Good Morning, I’m Annica Colbert….it’s Friday, January 15th. Covid-19 Deaths in San Diego have Nearly doubled since the start of the holidays. We’ll have that story next, but first... let’s do the headlines…. San Diego county public health officials reported more than 2500 new coronavirus infections on thursday and 53 additional deaths. In a grim milestone, San Diego county has now seen more than 2000 deaths from the virus. A 19-year-old male is among the latest covid-19 deaths, the youngest life lost in San Diego county. Eight more community outbreaks were reported on Thursday. UC San Diego health is now offering covid-19 vaccinations to patients 65 and over...Officials there estimate they can offer as many as 500 vaccines per day...Other hospital systems like Scripps Health are still finalizing vaccines for frontline staff but might have some leftover and ready for seniors as early as next week. California Gov. Gavin Newsom is calling in 1,000 members of the National Guard. It’s in response to an FBI warning about armed protests being planned by extremists at state capitols nationwide on inauguration day. State officials also put up a temporary chain link around the state capitol and bolstered other barriers. The California Highway Patrol is refusing to issue permits for rallies at the Capitol. From KPBS, you’re listening to San Diego News Now. Stay with me for more of the local news you need. Between just before Thanksgiving and now, COVID-19 deaths in San Diego County have doubled. And low-income people of color are still bearing the brunt of the pandemic. KPBS reporter Claire Trageser has more. It took almost nine months for the COVID-19 death toll to reach 1,000 in San Diego County. But since then—a period of less than two months it's doubled to 2,000. And experts expect the number to continue rising rapidly for at least another month, if not two. "We're probably six to eight weeks out." Dr. Tom Lawrie is the chief medical officer at Sharp Memorial Hospital. He says a spike in infections leads to a surge in hospitalizations two weeks later, which leads to another surge in deaths two weeks after that. So even if infections plateau in the region—which so far they have not—deaths will continue to rise rapidly for weeks to come. But he does not think the rising death numbers can be attributed in any way to a lack of medical resources in the county. "Throughout the pandemic, we've been able to move resources to absorb any influxes. We're so good at doing these things, being able to absorb, that people may not even realize what's going on inside the hospital, so even as we get more patients, we're able to maximize resources so people haven't suffered." But the pandemic continues to impact people disproportionately, depending on their race and ethnicity and where they live in the county. Almost half of the people who died lived in East and South County, while just 11% lived in the north coastal areas. The county’s Latino community is still being hit the hardest, accounting for 44% of deaths even though Latinos make up 34% of county residents. "The fact that things haven't changed hasn't surprised us." Nancy Maldonado is the CEO of the Chicano Federation of San Diego County. "When you look at the numbers of infections among grocery store workers, people who work in pharmacies, those are going up, and of course they are. Those are the people at risk of exposure." Maldonado says people in these jobs are less likely to feel confident demanding protections from their employers. And people of color are often treated differently by doctors. "In how their symptoms are being interpreted, people are sent home even though their symptoms indicate they should not be sent home." All of these inequities contribute to a tragedy that people are still not fully grasping. "Every single one of those numbers is a mother, son, daughter, father. Unfortunately it doesn't hit people until it impacts them directly." Low-income, frontline workers are most at risk because of both their living and working conditions, says Rebecca Fielding-Miller, an epidemiologist at UC San Diego. "Grocery workers, pharmacy staff, they might have also gathered themselves over the holidays, and then they're interacting with people coming into public spaces who are at higher risk of being infected, and so you have two different waves crashing into each other." For doctors and nurses working in hospitals, the daily death toll of the virus is inescapable, says Lawrie with Sharp Memorial Hospital. "I work in the ICU Saturdays and Sundays, and I'm always impressed with how calm, cool, and collected they are, confident they are able to provide care to patients. These last three to four weeks, they're still calm, but the morale is wearing thin. We've been subjected to a continual onslaught of patient care that we have never had to do in our careers." While most doctors and nurses are now vaccinated, and there is hope that numbers will begin to slowly go down, Lowrie said there is still a long race that needs to be run. Claire Trageser , KPBS News That story from KPBS Investigative Reporter Claire Traegeser. COUNTY HEALTH AUTHORITIES ARE TRYING TO FIGURE OUT WHY SIX HEALTH CARE WORKERS WHO RECEIVED THE COVID-19 VACCINE WEDNESDAY HAD ALLERGIC REACTIONS. KPBS REPORTER JOHN CARROLL HAS MORE. Things were back to normal at the Petco Park vaccine super station Thursday… On Wednesday morning, the operation slowed to a crawl after six people experienced allergic reactions. We checked with the County to see if they’ve been able to determine what was behind those reactions. They responded with a brief email saying: We have not seen a report with specifics on what occurred so are unable to comment further… and they pointed out the FDA and CDC are the primary investigating authorities. San Diego health care worker Deborah Walsh got COVID last summer… she got over it and then got the Moderna vaccine on December 30th. She knows all about allergic reactions. “The next day though I woke up and I had chills and body aches, pretty much most of that day.” Even after that, Walsh says she will get her second dose next week. The COVID-19 vaccine has arrived in Imperial County where the pandemic has hit hard. But the limited supply is forcing tough decisions. inewsource investigative reporter Jennifer Bowman has more. Imperial County officials say they’re doing everything possible to get more vaccines but acknowledge the roughly six-thousand vaccine doses on hand won’t cover all those eligible for the shots.So far, only the highest risk workers in health care have received a COVID-19 vaccination. Here’s Janette Angulo, the county’s public health director.ANGULO: “We have to distribute it in an equitable way so that everybody who's doing that frontline work can get at least their highest, highest risk vaccinated.” (00:09)The county expects more vaccine doses this week but also expects the limited availability to continue as the vaccination program progresses. For KPBS, I’m inewsource investigative reporter Jennifer Bowman. That was inewsource investigative reporter Jennifer Bowman. inewsource is an independently funded, nonprofit partner of KPBS. Local workforce experts from San Diego's top industries say they are looking forward to some economic rebound in 20-21. KPBS’ Jacob Aere reports. The effects from the COVID-19 pandemic have impacted San Diegans in different ways. Black and hispanic communities have faced the greatest financial setbacks among racial groups in the county and people in lower income brackets have been most likely to have lost employment income. San Diego Tourism Authority COO Kerri Kapich says those who work in the tourism and travel sector have been particularly hard hit. “We lost about 50% of our revenue as a tourism community and we’ve lost 37% of our jobs in our sector, which here in San Diego is about 77 thousand jobs.” Kapich says that San Diego’s travel and tourism sector is likely on a five year recovery journey due to economic impacts from COVID-19 related restrictions. Coming up.... In a bit of a controversy this week, the head of the California Democratic party called the recall efforts against Governor Gavin Newsom “The California coup.” We’ll have a fact check on that from our partners at Cap Radio next, just after this break. California Democratic Party Chairman Rusty Hicks claimed this week that the growing efforts to recall Governor Gavin Newsom should be called “the California coup.” CapRadio anchor Mike Hagerty spoke with PolitiFact California reporter Chris Nichols about that claim in this week’s Can You Handle The Truth segment. Chris, set the scene for us, where was Hicks speaking and what was the context of his statement? CHRIS: He was speaking at a press conference held by the Democratic Party. It was meant to condemn the recall effort, which has been gaining momentum … Supporters have gathered about one million signatures to qualify the recall for a future ballot. They would need about one and a half million verified signatures by mid-March. If it does qualify, voters would decide at the ballot box whether to remove Newsom from office. The recall is a legal process, it’s part of the state Constitution -- it was approved more than a century ago by California voters. During the press conference, Hicks tries to connect this recall campaign to white supremacists and others involved in last week’s attack on the U.S. Capitol. But he provided no evidence for that. Here are the comments we fact checked: 01Hicks: “This recall effort, which really ought to be called ‘the California coup,’ is being led by right-wing conspiracy theorists, white nationalists, anti-vaxxers and groups who encourage violence on our democratic institutions.” ANCHOR: So Hicks offered no specifics on those alleged ties. What about this description he made, calling the recall “the California coup” ? CHRIS Well, that part is really wildly off base and inaccurate. I spoke with University of the Pacific political science professor Keith Smith -- He outlined the really monumental differences between a coup and a recall. He starts by defining a coup as … 01Keith“ a violent effort to overthrow a legitimately- elected and legitimately-installed government, to somehow by the use of force take power in a government." “But the recall effort is not that at all,"It’s people signing petitions that are being circulated around the state to put something on the ballot, which is a perfectly legitimate and prescribed process in democratic government.” (:30) ANCHOR: Chris, you also spoke with Sacramento State political science professor Wesley Hussey. What did he have to say. CHRIS: Hussey has about the most notable California recall, the 2003 effort that removed Governor Gray Davis from office. He was replaced by Governor Arnold Schwarzenegger. Hussey says the claim about this being a coup is not only factually wrong but could also backfire on the Democratic party. 01Hussey: "I don’t think that it’s politically smart. I don’t think it’s civically appropriate." ANCHOR: Finally, Chris, how did PolitiFact California rate this claim. CHRIS: We rated this Pants On Fire, which is our most severe rating and used only for the most extreme falsehoods. That was CapRadio’s PolitiFact California reporter Chris Nichols speaking with anchor Mike Hagerty. Read full versions of all fact checks at PolitiFact-dot-com-slash-California. And for our arts segment…. Promising Young Woman is the feature directing debut of Emerald Fennell (pronounced feh·nuhl) that’s already getting a lot of praise and awards. The film is playing at the South Bay Drive-In and starts streaming TODAY on platforms like Amazon. KPBS film critic Beth Accomando has this review…. Promising Young Woman has brilliant moments but that brilliance makes the flaws harder to ignore. Carey Mulligan plays Cassie, a young woman who’s not easy to decipher. She’s smart, sarcastic, lives with her parents, and leads a double life. Each week she seeks to expose men who prey on vulnerable women at bars. Here she confronts a man who was about to take advantage of her because he thought she was blackout drunk. CLIP I’m a nice guy… Are you?... I thought we had a connection… What do I do for a living? Oh that’s too hard. What’s my name?... That scene is one of the brilliant, savagely funny moments. It captures the way certain men think and then points out the problem in their reasoning. Promising Young Woman serves up female revenge but in a manner that may titillate male audiences, perhaps because that’s the only way to get their attention and teach them a lesson. But to do this, filmmaker Emerald Fennell hypersexualizes Cassie on her nocturnal missions and that makes the film feel like it’s falling victim to stereotypes rather than challenging them. It also feels like a revenge story that doesn’t want to go full revenge. Promising Young Woman has some frustrating inconsistencies but it presents a fresh female perspective and marks a very promising debut for Fennell. Beth Accomando, KPBS News. That was KPBS FIlm Critic Beth Accomando. Be sure to check out her Cinema Junkie podcast for more of that good film nerdy stuffs. You can find Cinema Junkie online at KPBS dot org, or wherever it is you get your podcasts. That’s it for the podcast today. Be sure to catch KPBS Midday Edition At Noon on KPBS radio, or watch KPBS Evening Edition at 5 O’clock on KPBS Television. As always you can find more San Diego news online at KPBS dot org. I’m Annica Colbert. Thanks for listening and have a great day.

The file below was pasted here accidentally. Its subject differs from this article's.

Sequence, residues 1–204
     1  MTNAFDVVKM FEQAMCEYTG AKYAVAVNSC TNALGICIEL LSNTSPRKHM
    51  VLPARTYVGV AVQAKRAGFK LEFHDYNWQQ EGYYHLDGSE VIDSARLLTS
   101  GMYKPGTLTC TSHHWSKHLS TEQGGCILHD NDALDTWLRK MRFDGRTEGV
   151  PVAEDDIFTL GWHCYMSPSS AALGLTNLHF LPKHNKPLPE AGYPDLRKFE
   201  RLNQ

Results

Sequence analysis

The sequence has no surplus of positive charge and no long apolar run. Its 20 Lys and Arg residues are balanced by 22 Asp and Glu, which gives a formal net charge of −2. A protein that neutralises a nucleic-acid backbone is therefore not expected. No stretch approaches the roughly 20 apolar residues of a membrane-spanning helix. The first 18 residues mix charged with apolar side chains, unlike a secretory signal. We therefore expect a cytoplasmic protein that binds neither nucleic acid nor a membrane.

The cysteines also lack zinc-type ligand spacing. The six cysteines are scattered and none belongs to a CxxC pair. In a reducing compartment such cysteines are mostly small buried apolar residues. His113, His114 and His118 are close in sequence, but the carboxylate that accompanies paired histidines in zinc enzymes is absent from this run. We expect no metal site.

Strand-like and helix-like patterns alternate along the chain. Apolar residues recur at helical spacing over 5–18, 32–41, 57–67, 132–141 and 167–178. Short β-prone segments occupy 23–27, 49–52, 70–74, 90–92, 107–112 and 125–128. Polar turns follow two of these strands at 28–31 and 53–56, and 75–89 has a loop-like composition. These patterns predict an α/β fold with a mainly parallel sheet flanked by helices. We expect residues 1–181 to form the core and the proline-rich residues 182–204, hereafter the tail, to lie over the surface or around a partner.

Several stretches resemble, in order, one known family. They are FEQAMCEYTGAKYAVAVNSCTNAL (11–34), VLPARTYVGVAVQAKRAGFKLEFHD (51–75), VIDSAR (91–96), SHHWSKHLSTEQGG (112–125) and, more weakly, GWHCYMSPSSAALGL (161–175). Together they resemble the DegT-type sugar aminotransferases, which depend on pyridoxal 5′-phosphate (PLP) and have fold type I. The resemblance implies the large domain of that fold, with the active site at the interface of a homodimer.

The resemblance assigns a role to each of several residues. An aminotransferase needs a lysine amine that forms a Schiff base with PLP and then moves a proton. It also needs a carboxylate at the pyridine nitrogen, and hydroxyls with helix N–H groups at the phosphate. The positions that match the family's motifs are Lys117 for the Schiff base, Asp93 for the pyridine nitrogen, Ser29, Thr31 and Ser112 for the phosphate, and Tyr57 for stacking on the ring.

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Between late November and now, the number of COVID-19 deaths in San Diego County doubled from 1,000 to more than 2,000. Experts expect the number to continue to rise rapidly for at least another month, if not two. Meanwhile, Covid-19 vaccines have arrived in Imperial County, but not enough -- and decisions on who to vaccinate are difficult. Plus, local workforce experts are hoping for a rebounding economy in 2021.